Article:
Minerva’s Fox FAQ 2
1. Readers praise your descriptions of landscapes and gardens, descriptions that create pictures in the reader’s mind. Is this an example of writing “what you know”?
It is Malorie’s point of view that presents the gardens and landscapes we discover in Minerva’s Fox. Also, Malorie sometimes pays attention to things another person might not notice. She sketches garden and landscape elements that catch her eye and redesigns existing gardens, on paper, creating new sight lines and perspectives. This practice of hers connects deeply with her development from being a closed in (and closed off) person to being a person who learns to face life’s surprises. In the end, we only know what Malorie knows, which helps us to understand her development–as a person and as a designer.
2. When Malorie enters graduate school in 1969, she is twenty-two. The fractious sixties are drawing to a close. The assassinations, the Civil Rights movement, Viet Nam, Woodstock, Stonewall—it’s as if these contemporary events have barely touched her. Why?
Malorie is an only child who learns early in her life to conceal what goes on at home. Alan Ellsworth, her father, is an alcoholic; her mother, Lucie, cultivates an all-is-well appearance and makes sure Malorie does, as well. Malorie knows very little about what goes on in the world because she turns inward to protect herself. Her protective shell begins to crack when Lucie decides to divorce Alan. Even so, most of what Malorie knows about national or world affairs, for example, comes to her only indirectly.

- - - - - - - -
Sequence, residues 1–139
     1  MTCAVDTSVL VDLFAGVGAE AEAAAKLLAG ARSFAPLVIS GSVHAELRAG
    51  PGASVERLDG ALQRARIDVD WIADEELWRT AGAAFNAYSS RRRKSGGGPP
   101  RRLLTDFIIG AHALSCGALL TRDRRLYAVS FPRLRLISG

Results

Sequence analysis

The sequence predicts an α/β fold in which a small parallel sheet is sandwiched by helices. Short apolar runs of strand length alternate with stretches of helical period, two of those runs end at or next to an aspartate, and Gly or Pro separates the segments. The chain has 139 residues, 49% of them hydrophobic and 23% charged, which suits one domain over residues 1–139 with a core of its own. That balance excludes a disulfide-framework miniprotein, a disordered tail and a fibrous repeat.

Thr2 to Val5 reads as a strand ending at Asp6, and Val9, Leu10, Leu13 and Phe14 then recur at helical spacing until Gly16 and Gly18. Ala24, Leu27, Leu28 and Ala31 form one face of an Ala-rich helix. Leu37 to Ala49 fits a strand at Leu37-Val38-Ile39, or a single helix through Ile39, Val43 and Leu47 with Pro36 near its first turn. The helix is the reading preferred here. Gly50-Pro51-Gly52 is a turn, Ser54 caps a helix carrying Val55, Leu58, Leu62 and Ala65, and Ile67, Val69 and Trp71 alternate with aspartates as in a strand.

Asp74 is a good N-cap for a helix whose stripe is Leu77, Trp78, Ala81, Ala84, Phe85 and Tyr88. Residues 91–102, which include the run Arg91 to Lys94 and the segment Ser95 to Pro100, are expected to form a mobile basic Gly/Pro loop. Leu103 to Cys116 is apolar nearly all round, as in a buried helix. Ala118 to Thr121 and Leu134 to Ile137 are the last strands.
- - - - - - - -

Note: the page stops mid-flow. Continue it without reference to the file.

3. At certain points, Malorie uses the word “plausible.” At the beginning of the first chapter when she and Jack meet, he describes a secret society’s use of fox carvings to identify the donors. Malorie thinks, “This at least sounded plausible. Too plausible?” Why so dubious?
Plausible means “believable, possible, conceivable,” in other words, not necessarily true, perhaps even intentionally untrue. That Malorie is dubious about Jack as well as his explanation stems from her confusion about academia and her misgivings about her decision to go to graduate school. That is, a newcomer to the academic world, she is uncertain of her place in it. This is why she interprets the fox’s regard as a warning; this is why she heeds the warning and keeps her guard up. Besides, at this point in the story–Malorie and Jack have only just met–why should Malorie take Jack at his word?
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